LAWSON, Marmaduke (1793-1823), of Boroughbridge Hall, Yorks.
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Family and Education
b. 1793, 1st s. of Rev. Marmaduke Lawson, rector of Sproatley by Barbara Isabella, da. of John Wilkinson of the M. Temple, h. of Rev. James Wilkinson of Boroughbridge Hall. educ. Shrewsbury; St. John’s, Camb. 1811; Pitt scholar 1814; fellow, Magdalene, Camb. 1815. unm. suc. fa. 1814.
Capt. N. regt. W. Riding yeomanry 1817.
Lawson’s achievement was summed up by Lord Teignmouth in his Reminiscences:
The singular career of one member of the [Cambridge] Union may deserve a brief notice. Lawson was eminent as a university scholar, and was nominated to a fellowship in Magdalene College, where he signalised himself as the professed joker of the combination-room of that small society. He subsequently obtained a seat in Parliament, by setting free, as he maintained, from powerful aristocratic domination the stronghold of Boroughbridge, where he resided, and his family still flourishes highly respected. Cock of his own dunghill, he lost no time in his endeavours to rule the roost in his new sphere, and, during the first week after his admission to the House, introduced four bills, one of which proposed the abolition of the absurd and anomalous wager of battle. So sensible was the government of its importance that the attorney-general relieved him of his task; but Lawson must be credited with a large share of the result. Characteristically enough he requested, but unsuccessfully, the same high functionary to take off his hands a bill for preventing cruelty to ferrets, ‘tame wild beasts’, as he designated these animals in his speech.
Lawson surprised us at the Mendicity Society by offering himself candidate for the vacant office of assistant manager, the duties of which were very laborious, and involved residence in the house in Red Lion Square. Aware of his eccentricities we gratefully declined his services, on the plea that salary, which he generously waived, was indispensable.1
The ‘aristocratic domination’ challenged by Lawson was that of the 4th Duke of Newcastle who had nudged Lawson’s family out of any say in his Yorkshire boroughs. The duke was taken completely by surprise.2 Lawson treated the electors to a speech ‘replete with the most good humoured sportiveness’: denied that he was a supporter of parliamentary reform; criticized indirect taxes in favour of an income tax, ‘the only fair and effectual impost ... the peristaltic motion of the body politic’, and concluded ‘Give me but a seat and I’ll move the House’. His election involved winning over and possibly bribing 12 ducal tenants, though there was not enough firm evidence for a petition. Subsequently he assured his constituents:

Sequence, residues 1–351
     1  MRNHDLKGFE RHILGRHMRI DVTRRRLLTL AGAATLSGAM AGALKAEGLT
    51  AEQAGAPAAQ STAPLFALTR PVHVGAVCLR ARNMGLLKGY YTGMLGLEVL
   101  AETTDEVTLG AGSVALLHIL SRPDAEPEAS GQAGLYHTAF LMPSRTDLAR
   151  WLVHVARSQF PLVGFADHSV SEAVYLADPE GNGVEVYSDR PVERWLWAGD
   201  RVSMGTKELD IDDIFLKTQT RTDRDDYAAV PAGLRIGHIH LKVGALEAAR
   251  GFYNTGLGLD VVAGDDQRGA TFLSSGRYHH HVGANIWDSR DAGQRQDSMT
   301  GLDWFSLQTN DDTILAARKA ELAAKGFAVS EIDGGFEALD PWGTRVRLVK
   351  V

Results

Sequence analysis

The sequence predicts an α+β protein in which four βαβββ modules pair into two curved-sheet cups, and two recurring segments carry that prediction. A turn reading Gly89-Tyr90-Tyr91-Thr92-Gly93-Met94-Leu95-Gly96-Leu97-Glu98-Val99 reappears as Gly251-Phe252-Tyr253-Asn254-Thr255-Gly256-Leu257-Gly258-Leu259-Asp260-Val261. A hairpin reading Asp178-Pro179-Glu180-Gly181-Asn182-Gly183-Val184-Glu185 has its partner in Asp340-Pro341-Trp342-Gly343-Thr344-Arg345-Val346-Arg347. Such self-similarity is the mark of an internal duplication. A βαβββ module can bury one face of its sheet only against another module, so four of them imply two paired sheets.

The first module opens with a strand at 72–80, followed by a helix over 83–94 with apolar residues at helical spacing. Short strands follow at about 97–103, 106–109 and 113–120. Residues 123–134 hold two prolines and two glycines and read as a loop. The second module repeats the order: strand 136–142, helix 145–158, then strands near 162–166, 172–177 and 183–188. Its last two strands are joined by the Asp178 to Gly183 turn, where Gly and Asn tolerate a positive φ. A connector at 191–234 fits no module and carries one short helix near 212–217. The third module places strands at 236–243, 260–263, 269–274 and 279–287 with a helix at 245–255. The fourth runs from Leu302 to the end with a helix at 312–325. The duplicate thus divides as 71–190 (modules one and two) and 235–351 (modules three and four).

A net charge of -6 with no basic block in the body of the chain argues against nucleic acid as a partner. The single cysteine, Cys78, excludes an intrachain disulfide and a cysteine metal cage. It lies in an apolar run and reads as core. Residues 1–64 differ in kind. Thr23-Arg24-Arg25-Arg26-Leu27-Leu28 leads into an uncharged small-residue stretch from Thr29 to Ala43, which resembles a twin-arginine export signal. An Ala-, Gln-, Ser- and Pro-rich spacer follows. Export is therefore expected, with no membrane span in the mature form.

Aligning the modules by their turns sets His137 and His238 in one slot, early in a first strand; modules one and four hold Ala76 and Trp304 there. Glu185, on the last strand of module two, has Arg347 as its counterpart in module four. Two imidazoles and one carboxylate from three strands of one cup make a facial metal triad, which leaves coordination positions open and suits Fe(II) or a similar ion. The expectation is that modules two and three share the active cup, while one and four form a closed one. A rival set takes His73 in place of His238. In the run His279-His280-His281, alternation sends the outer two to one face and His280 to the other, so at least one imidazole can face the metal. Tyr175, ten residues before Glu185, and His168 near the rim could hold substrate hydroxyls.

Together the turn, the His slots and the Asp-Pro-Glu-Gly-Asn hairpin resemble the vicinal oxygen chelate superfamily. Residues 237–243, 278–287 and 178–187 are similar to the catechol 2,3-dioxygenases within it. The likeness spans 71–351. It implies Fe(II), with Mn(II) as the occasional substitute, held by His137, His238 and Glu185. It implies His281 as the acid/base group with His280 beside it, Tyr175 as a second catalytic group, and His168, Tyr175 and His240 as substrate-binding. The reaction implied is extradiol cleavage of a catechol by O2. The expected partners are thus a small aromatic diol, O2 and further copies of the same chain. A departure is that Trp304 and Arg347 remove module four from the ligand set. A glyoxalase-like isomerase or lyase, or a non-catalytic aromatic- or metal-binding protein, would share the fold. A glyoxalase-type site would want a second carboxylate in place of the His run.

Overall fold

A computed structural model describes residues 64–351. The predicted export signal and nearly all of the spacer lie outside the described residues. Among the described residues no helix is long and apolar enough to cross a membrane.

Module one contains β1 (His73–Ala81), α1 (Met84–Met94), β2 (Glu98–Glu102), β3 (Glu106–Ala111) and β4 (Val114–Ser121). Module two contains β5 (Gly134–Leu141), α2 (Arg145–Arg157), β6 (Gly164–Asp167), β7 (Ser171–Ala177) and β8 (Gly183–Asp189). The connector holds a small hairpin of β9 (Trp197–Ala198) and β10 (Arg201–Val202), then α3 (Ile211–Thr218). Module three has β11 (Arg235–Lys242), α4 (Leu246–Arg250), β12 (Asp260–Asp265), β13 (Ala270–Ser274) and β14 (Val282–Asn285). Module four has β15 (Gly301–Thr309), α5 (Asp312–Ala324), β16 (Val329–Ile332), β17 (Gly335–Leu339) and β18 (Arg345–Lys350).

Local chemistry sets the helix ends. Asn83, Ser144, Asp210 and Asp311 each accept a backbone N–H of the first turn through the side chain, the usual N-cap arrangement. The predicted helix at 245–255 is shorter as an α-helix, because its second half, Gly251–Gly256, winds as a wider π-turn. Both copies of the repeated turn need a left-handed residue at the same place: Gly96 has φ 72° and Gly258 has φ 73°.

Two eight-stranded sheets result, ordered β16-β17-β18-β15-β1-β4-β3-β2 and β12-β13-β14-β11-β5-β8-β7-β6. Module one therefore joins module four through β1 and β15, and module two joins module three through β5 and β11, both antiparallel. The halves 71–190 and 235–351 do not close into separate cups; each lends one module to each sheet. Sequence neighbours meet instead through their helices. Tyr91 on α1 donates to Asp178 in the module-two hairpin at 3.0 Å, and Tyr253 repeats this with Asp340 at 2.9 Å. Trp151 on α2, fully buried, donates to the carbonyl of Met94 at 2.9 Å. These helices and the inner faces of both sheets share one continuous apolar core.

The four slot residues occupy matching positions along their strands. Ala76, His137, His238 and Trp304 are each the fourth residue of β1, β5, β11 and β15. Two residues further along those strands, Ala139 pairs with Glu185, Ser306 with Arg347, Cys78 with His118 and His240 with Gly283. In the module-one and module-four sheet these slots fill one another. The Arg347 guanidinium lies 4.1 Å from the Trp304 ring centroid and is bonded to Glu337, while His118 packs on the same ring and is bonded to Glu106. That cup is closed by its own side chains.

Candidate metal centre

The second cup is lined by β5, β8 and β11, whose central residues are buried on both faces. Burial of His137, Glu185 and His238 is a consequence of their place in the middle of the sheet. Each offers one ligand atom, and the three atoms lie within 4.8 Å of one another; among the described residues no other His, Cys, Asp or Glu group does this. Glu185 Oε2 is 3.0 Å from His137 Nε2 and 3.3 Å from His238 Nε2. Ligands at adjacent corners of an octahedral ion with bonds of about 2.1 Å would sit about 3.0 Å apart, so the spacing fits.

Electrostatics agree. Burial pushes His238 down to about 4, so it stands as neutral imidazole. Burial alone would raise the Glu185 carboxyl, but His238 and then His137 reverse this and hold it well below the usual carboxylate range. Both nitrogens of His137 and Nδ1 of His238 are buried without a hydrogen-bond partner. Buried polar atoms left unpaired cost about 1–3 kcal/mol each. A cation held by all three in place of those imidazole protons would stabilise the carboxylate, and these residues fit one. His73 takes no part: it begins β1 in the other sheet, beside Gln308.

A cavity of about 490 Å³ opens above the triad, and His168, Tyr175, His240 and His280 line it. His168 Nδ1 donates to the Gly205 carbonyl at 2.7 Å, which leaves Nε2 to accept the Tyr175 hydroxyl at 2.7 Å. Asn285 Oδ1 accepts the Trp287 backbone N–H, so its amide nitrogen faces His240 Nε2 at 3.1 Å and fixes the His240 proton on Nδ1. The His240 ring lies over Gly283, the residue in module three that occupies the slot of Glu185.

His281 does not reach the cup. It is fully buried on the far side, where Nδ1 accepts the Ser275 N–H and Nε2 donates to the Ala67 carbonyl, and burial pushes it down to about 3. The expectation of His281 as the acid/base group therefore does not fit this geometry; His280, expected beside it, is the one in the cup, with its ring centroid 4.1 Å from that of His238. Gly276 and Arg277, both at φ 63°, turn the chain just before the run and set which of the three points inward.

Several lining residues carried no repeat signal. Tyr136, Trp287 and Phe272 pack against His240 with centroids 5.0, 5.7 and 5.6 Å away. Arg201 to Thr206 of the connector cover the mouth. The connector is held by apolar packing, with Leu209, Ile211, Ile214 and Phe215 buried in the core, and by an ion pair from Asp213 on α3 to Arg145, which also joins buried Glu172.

I do flatter myself that I could on all occasions bring somewhat of political merriment, bearing even in an argumentative manner on the question in debate and that I could contribute my mite to the conviviality of the House.
The Whigs did not ‘imagine he would be any gain to us, for he was ... an orator at Ripon at Robinson’s last election, and in his favour’.3
On 22 Jan. 1819 Edward John Littleton recorded in his diary: ‘Attended the House when Mr Lawson, a mad Member of Parliament made a laughable speech on presenting a petition for leave to bring in a turnpike bill’. It was a petition for the ‘true and radical’ reform of the Harrogate turnpike road, claimed Lawson. A speech of his three days later on the state of convict ships was considered ‘indelicate if not indecent’ after he had claimed that a crossing of the English Channel was as uncomfortable as a voyage to Botany Bay. Sydney Smith informed Lady Grey, ‘Mr Lawson, the jocular Yorkshire Member is supposed to be the most consummately impudent man that ever crossed the Humber’. The eccentricity of his speeches ‘was not relished in a young Member, though in an old one it would perhaps have enlivened many a dull debate’.4 It was on 1 Feb. 1819 that, amid laughter, he relinquished his two bills to the attorney-general. To raise a laugh was also his motive for objecting to Sir John Nicholl’s being balloted for the Bank committee, 3 Feb. The same day he was in the minority on the Westminster hustings bill, saying that he saw no reason why Members too should not be remunerated for their services. On 1 Mar., in the debate on criminal law reform, he deprecated ‘the impolitic humanity’ of constant revision and next day was coughed down when he returned to the subject. On 22 Mar. the announcement that he had taken the Chiltern Hundreds evoked ‘a burst of laughter’.
Lawson, regarding himself as a failure in the House, apparently intended to relinquish his seat to a nominee of the Duke of Newcastle, some said for a price; but his mother, unwilling to abdicate the family interest, canvassed so effectively for him, that the electors of Boroughbridge ‘as eccentric as their Member’, re-elected him.5 No ducal candidate appeared. On his return to Westminster, Lawson voted for burgh reform, 6 May, against the malt duty, 9 June, and against the cash payments, foreign enlistment and excise duty bills, 10, 14, 21, 25 June. His last reported speech, however, was in defence of the Peterloo magistrates, 30 Nov., and he was still in town voting for repressive measures on 23 Dec. 1819.
After another contest in 1820, Lawson was unseated on petition. He died 10 Mar. 1823.